There are 4.2 million mothers in the Netherlands. Half of these mothers are older than fifty, and many are also grandmothers or great-grandmothers. There are relatively few young mothers. No more than 5 percent of all mothers in the Netherlands are younger than thirty, 45 percent are aged between thirty and fifty.
Mothers by age, 1 January 2002
More than half of mothers still have children living at home. Some 350 thousand of these mothers are single parents; just over 2 million live together with partner and children. Of these, 200 thousand are not married to their partner. Approximately 1.9 million mothers are in the empty nest stage: all their children have left home.
Mothers with children at home, 1 January 2002
Every year some 90 thousand women in the Netherlands have their first baby. The average age of these first-time mothers is 29 years. In the mid seventies first-time mothers were 25 years on average. In those days, only one in fifty women were 35 or older when they had their first baby. Today this is one in eight.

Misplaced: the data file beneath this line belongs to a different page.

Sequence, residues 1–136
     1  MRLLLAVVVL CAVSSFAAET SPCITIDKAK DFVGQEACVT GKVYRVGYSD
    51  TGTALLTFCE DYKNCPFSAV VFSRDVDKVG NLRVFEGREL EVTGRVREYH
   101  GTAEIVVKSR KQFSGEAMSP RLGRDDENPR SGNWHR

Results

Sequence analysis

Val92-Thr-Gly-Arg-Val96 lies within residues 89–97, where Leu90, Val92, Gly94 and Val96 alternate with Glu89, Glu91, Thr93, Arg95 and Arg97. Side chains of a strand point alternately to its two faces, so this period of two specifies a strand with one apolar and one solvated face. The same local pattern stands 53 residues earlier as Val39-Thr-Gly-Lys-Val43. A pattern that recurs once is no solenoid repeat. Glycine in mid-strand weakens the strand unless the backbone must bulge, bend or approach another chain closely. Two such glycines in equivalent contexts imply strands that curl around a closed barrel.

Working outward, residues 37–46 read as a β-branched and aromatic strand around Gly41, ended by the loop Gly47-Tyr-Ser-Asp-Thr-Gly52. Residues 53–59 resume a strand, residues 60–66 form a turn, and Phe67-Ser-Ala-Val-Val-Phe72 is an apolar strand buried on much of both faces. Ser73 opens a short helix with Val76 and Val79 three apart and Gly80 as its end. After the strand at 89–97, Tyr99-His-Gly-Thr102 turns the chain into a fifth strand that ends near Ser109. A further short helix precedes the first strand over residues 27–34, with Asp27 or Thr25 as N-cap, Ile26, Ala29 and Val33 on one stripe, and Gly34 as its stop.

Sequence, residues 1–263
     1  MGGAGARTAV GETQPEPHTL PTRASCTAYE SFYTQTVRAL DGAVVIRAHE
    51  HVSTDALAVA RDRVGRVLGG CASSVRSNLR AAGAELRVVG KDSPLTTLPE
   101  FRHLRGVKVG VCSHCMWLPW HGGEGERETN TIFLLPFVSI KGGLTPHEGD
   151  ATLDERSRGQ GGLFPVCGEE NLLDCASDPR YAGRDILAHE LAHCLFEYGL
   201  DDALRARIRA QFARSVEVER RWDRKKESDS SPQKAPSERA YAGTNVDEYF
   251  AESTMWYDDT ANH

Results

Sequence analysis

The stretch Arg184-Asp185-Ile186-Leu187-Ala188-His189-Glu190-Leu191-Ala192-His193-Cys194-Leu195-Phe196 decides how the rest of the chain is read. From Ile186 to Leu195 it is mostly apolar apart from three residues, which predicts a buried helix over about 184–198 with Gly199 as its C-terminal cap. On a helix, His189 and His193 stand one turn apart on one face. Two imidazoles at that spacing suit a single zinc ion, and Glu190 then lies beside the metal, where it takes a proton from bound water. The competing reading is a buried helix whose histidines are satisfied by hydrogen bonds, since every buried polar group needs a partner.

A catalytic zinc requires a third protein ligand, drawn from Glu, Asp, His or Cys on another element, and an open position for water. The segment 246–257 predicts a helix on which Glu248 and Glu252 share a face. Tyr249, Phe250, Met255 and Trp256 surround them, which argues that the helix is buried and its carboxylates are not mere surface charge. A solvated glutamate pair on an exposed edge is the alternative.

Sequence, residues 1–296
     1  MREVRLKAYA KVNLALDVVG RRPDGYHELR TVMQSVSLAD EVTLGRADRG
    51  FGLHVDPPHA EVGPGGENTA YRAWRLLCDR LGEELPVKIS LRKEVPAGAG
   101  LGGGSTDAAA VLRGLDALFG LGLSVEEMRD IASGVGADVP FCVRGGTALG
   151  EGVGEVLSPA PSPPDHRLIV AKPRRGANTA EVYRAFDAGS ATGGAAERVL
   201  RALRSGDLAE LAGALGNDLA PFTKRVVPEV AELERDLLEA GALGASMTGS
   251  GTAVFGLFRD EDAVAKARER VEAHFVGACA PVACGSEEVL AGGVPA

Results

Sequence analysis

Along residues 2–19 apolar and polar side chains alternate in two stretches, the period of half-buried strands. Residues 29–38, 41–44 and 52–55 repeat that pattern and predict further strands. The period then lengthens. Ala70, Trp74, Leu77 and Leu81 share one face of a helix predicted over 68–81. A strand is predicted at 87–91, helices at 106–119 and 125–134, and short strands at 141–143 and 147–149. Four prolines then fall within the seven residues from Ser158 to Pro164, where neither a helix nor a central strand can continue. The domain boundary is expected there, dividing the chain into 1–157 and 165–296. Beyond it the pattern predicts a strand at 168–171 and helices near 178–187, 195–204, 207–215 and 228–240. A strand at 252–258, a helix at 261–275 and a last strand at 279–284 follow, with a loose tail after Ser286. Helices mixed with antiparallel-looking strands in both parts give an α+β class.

First child by mother’s age
Ten years ago Dutch women were having their first babies later than women in other European Union countries. Today, women in Greece, Spain and the United Kingdom are also postponing the birth of their first child. The average age at which women in these countries have their first baby is even a few months higher than in the Netherlands. On average, women in the EU have passed the age of 27 before they have their first baby.
Even though women in the United Kingdom wait a long time before they start a family, this country has the highest rate of teenage motherhood. Every year, thirty per thousand 15-19 year-old girls in the UK have a baby. The Netherlands has the lowest rate of teenage mothers in Europe, with 7 per thousand girls a year in this age category.
Jan Latten, Helma Schapendonk